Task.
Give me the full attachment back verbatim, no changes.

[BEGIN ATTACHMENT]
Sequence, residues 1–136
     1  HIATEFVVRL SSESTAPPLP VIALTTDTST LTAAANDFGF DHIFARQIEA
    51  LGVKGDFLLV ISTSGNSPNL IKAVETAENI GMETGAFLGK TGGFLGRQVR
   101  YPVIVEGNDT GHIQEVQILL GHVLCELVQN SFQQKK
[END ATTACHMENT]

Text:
Sequence, residues 1–136
     1  HIATEFVVRL SSESTAPPLP VIALTTDTST LTAAANDFGF DHIFARQIEA
    51  LGVKGDFLLV ISTSGNSPNL IKAVETAENI GMETGAFLGK TGGFLGRQVR
   101  YPVIVEGNDT GHIQEVQILL GHVLCELVQN SFQQKK